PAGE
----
This is where the partnership, established in 1999, that developed between the departments of chemistry and applied sciences would be mentioned and the description presented in response number 4 above referenced. Also, the department's inclusion in the program to prepare secondary education science teachers at the undergraduate level, established in 1999, would be presented here.

  2. Curriculum
    1. For each program under review, provide the frequency of course offering (number of semesters) in the last three years. List any course that has not been offered within the last five years.
      • EXAMPLE F
        Course Three-Year Frequency of Offering Courses Not Taught in Five Years
        CH 1409 9 (3 sem/yr X 3 yrs)
        CH 1402 9
        etc...
    2. Describe the curriculum of the academic programs under review. Include other academic programs that provide ancillary courses in support of the program under review, and special experiences (such as capstone projects,internships, etc.) that help students integrate the components of the program. Include entrance and exit requirements for each program.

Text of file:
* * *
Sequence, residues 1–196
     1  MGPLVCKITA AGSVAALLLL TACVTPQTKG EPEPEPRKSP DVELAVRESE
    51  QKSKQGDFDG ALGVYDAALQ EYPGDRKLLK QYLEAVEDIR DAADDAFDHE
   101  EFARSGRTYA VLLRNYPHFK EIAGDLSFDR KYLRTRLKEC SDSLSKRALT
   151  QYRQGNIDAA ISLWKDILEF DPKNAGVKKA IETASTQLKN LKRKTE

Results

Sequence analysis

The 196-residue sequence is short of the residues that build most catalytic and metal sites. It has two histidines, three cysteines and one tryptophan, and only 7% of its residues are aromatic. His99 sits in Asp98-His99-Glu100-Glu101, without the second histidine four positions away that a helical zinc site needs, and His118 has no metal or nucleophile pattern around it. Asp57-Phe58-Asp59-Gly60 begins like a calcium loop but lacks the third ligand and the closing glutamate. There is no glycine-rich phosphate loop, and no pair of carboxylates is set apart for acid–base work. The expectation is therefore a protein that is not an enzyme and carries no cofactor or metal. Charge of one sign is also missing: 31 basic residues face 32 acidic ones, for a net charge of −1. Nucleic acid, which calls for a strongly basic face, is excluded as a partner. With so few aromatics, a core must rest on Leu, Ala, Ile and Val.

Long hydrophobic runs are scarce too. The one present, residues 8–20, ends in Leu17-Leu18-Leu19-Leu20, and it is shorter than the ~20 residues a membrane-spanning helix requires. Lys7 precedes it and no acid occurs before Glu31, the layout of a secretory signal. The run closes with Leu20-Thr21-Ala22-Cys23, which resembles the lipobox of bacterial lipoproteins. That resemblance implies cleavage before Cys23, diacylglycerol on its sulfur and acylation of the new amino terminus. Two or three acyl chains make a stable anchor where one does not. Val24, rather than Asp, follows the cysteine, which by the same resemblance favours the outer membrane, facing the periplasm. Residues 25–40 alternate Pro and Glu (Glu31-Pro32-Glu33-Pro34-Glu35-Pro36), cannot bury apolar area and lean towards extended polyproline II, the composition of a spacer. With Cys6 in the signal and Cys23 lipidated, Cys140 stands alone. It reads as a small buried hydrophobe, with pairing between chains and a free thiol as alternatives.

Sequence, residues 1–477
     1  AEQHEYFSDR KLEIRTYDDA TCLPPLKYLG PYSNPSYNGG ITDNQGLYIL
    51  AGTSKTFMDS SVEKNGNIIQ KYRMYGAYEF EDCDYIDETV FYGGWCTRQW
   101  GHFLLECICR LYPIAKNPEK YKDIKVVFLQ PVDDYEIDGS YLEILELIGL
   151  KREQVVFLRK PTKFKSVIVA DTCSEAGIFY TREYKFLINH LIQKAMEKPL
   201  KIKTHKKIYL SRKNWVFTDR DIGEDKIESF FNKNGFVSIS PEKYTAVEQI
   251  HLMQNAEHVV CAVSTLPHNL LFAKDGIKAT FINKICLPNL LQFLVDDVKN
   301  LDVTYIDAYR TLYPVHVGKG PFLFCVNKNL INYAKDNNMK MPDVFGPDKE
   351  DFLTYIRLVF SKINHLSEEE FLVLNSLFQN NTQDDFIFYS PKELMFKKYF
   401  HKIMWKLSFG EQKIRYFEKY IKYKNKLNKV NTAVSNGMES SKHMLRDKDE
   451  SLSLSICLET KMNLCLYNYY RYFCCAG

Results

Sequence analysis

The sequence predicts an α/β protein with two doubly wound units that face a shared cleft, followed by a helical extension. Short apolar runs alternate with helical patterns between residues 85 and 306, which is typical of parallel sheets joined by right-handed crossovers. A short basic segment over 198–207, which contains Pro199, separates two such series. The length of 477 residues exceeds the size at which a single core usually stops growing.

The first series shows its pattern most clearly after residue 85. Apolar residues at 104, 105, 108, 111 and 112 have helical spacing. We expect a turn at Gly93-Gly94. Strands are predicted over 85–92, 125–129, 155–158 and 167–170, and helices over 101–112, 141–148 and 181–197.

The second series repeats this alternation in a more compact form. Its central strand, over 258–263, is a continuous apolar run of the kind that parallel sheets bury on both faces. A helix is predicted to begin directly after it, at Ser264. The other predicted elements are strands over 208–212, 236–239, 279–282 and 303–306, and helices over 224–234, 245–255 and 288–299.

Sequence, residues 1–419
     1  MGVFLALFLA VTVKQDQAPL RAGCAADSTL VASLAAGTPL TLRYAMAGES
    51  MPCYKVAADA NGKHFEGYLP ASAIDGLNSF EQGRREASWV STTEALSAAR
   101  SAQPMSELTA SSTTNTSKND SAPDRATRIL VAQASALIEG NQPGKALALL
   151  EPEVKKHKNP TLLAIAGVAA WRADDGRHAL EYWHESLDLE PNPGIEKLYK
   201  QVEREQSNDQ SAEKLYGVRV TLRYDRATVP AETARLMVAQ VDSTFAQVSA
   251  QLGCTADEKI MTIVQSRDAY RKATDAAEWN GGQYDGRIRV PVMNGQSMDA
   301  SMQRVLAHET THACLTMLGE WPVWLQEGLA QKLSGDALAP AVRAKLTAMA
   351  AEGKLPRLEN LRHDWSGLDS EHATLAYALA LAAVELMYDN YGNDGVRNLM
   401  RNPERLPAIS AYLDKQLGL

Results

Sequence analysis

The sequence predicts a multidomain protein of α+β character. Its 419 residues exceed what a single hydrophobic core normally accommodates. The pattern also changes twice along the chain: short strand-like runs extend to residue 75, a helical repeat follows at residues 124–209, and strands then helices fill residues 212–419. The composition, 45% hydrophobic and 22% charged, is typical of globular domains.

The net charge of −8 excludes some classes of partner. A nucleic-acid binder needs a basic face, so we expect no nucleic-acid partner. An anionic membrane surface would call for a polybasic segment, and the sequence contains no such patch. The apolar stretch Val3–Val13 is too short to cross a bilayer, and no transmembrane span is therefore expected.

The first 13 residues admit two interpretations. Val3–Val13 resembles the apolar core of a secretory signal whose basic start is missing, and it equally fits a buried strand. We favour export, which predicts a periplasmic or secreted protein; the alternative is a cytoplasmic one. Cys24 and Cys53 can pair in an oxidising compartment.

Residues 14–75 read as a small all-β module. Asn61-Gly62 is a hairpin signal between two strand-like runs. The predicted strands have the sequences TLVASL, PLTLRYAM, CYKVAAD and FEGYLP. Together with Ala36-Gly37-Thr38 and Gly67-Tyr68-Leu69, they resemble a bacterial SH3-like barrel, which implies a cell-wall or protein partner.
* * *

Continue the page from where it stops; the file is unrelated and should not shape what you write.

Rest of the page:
• EXAMPLE G

        The sources for this discussion could include the university catalog(s) and promotional literature.

    3. Describe the academic advising and mentoring practices, formal as well as informal, for students studying in each of the academic programs under review.
    4. Discuss the department's criteria used to admit "at-risk" students and the support system for them.
    5. Discuss the evaluation of the success of the "at-risk" students.
    6. Address how the programs are tracking the needs and successes of service students, i.e. those who are taking a substantial number of courses in the department but are not majors in one of the department's programs. Include descriptions of:
      • Channels of communication with the students' major program advisors
      • Methods to coordinate scheduling of classes
      • Modifications in the program to address concerns from other program advisors.
    7. Discuss how the programs under review are adapting to changes in diversity that the university and the discipline are experiencing. Comment on deliberate actions that the programs have taken to affect change in the diversity of its students and responses the programs have initiated in reaction to the change in diversity of its students.
      • EXAMPLE H

        A program could discuss the diversity in its profession here and compare the composition of its students with that of the profession.

    8. Discuss the currency of curriculum of each of the programs under review. Describe how the programs attempt to keep current with national/international trends in society and in the discipline.
      • EXAMPLE I